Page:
"Knowledge is a relatively safe addiction . . . that is, until it becomes idolatry." ~Anonymous

"The Abrahamic religions have been THE most persistently divisive influence in the history of mankind." ~Jim Ashby
omelet
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12/11/2009 7:13:17 AM
Posted: 6 years ago
At 12/11/2009 4:03:38 AM, AtheistExile wrote:
At 12/9/2009 6:52:49 PM, AtheistExile wrote:

Nature may not have any morals but it does have a prime directive that compels all living organisms: SURVIVE. We eat, drink, breathe and procreate for survival. At all levels: genetic, individual, cultural and across species, survival dictates the terms of life. Survival is a basic, objective, fact of life: shouldn't morality conform to it? Could there be a more objective, fundamental, basis for morality? If so, what is it?

It appears that survival as the basis of morality is not a new idea. This idea was previously advocated by Ayn Rand. I'm no sure that ANY of my ideas have ever been truly original. I always find that somebody else has "got there first".

Of course, even Rand's "Objectivism" is not objective. It relies on a main assumption that is not objectively true - that we as humans should not willingly take actions that harm our selves. This of course is an idea that most people agree with, because the opposing view has been very heavily selected against by nature. However, survival is still merely a subjective goal, just one that most surviving people happen to share. Of course, if we broaden the sample size to include people who aren't alive right now, we find a very large number of counter-examples (though of course, valuing survival is still more common, since it is more widespread due to natural selection).

And of course, by the mere fact that other moral philosophers have advocated self-disinterested generosity, it seems that only doing things in one's own self interest is not objectively true either. That's not a surprise - it's a human idea, not some fundamental truth of reality. It just happens to be an idea that leads to more personal happiness, something most people actively pursue.
Marauder
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12/11/2009 7:58:01 AM
Posted: 6 years ago
What is the minimum requriment for a moral view to count as objective? that it does not come from you? Or from other people? An idea must have a source. It is not possible for it to come from nowhere.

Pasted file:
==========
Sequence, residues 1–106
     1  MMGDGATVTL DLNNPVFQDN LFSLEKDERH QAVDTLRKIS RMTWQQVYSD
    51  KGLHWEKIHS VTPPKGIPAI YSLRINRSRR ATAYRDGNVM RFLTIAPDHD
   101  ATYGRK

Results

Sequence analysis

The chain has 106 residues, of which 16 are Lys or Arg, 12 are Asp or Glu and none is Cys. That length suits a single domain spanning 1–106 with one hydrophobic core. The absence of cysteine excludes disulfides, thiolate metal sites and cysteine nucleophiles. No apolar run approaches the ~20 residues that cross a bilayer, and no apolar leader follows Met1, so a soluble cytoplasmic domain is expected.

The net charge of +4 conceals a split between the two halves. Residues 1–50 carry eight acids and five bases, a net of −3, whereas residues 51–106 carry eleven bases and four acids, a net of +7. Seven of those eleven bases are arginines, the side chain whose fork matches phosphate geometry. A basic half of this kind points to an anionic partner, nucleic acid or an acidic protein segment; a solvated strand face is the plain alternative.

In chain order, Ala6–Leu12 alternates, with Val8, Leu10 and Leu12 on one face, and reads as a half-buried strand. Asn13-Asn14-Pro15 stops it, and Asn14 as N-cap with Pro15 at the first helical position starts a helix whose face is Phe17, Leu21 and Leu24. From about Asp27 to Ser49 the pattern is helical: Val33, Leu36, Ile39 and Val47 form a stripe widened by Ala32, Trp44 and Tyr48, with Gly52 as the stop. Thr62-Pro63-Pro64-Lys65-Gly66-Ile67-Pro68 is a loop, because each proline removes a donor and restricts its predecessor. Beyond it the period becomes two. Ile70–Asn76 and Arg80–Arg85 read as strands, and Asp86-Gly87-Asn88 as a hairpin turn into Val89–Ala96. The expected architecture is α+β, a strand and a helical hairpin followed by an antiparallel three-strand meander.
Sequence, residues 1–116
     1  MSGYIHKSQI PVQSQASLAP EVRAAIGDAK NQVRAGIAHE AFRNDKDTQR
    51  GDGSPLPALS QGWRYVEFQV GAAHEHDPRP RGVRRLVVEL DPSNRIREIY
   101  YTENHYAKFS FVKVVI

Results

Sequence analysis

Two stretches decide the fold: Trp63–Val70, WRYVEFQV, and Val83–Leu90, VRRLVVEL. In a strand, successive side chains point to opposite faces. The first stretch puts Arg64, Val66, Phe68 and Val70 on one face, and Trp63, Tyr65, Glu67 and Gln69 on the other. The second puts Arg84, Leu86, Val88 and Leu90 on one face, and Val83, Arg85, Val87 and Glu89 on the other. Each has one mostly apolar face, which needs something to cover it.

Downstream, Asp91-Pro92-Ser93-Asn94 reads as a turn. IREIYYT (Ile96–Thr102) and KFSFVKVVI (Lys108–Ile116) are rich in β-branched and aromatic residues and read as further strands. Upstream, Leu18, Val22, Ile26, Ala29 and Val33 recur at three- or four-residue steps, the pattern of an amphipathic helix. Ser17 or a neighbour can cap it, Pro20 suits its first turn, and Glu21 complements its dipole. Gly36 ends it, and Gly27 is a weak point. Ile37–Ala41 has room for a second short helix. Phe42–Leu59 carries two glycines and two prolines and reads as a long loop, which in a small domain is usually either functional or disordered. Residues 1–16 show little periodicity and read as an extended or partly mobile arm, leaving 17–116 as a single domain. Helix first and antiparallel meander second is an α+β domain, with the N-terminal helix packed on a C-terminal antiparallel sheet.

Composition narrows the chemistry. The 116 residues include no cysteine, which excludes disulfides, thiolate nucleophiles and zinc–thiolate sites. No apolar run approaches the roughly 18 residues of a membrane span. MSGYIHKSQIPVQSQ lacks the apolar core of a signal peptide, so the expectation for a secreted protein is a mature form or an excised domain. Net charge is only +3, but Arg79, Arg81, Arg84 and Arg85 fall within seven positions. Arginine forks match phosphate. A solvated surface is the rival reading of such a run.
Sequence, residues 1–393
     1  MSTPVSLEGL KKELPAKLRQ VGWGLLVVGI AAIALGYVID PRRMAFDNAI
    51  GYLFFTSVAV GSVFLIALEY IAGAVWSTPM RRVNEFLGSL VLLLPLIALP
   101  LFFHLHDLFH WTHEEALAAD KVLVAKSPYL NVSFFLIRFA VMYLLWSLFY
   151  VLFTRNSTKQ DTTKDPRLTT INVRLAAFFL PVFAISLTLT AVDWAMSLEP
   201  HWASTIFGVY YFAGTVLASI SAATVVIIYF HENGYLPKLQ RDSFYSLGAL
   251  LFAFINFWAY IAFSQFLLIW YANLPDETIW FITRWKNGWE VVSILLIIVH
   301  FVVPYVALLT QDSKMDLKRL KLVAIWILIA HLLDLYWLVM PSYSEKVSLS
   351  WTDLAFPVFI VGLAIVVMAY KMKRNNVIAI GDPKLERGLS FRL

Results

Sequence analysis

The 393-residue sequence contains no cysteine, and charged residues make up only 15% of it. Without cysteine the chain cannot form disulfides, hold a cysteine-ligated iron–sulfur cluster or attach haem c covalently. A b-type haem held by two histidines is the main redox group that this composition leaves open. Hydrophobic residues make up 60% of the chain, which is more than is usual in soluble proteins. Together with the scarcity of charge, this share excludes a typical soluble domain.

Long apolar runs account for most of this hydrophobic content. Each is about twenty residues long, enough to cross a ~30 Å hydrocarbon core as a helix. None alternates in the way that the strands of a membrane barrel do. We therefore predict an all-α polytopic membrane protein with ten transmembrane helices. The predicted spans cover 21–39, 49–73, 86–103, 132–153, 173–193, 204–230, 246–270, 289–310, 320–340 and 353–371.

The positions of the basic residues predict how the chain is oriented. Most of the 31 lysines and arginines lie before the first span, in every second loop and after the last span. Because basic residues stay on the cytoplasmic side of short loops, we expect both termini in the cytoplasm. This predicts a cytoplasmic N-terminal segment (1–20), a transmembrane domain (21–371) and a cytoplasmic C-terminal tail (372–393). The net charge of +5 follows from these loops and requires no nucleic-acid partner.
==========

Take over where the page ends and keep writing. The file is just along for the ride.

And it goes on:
One act of Rebellion created all the darkness and evil in the world; One life of Total Obedience created a path back to eternity and God.

A Scout is Obedient.
omelet
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12/11/2009 8:44:53 AM
Posted: 6 years ago
At 12/11/2009 7:58:01 AM, Marauder wrote:
What is the minimum requriment for a moral view to count as objective? that it does not come from you? Or from other people? An idea must have a source. It is not possible for it to come from nowhere.

Objective:
1 not influenced by personal feelings or opinions.
2 not dependent on the mind for existence; actual.

Subjective:
1 based on or influenced by personal feelings, tastes, or opinions.
2 dependent on the mind for existence.

It would have to be a fundamental, indisputable fact rather than simply a popular opinion. While it's a fact that most people who are currently alive strive to survive, it's not a fact that they should; just as it may be a fact that most people who are in a certain chess tournament like to play chess, but it's not an objective fact that liking to play chess is superior to not liking to play chess.

Morality asks what we "should" do, and there frankly is no objective answer to that question.
Ragnar_Rahl
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12/11/2009 9:33:55 AM
Posted: 6 years ago
2 not dependent on the mind for existence
Objective things can depend on the mind. This computer objectively exists, as does the operating system inside. Without a mind there would be no computer.

Perhaps you mean some specific kind of dependence?
It came to be at its height. It was commanded to command. It was a capital before its first stone was laid. It was a monument to the spirit of man.
Ragnar_Rahl
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12/11/2009 9:35:33 AM
Posted: 6 years ago